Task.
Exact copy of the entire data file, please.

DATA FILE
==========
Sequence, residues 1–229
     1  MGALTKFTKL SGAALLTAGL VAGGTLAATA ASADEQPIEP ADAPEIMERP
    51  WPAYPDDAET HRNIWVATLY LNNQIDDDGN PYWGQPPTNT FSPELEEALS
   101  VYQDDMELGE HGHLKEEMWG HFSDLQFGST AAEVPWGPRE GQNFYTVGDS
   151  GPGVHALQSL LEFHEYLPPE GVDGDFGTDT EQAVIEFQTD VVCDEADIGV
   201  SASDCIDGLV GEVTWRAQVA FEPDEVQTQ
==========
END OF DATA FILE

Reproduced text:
Sequence, residues 1–229
     1  MGALTKFTKL SGAALLTAGL VAGGTLAATA ASADEQPIEP ADAPEIMERP
    51  WPAYPDDAET HRNIWVATLY LNNQIDDDGN PYWGQPPTNT FSPELEEALS
   101  VYQDDMELGE HGHLKEEMWG HFSDLQFGST AAEVPWGPRE GQNFYTVGDS
   151  GPGVHALQSL LEFHEYLPPE GVDGDFGTDT EQAVIEFQTD VVCDEADIGV
   201  SASDCIDGLV GEVTWRAQVA FEPDEVQTQ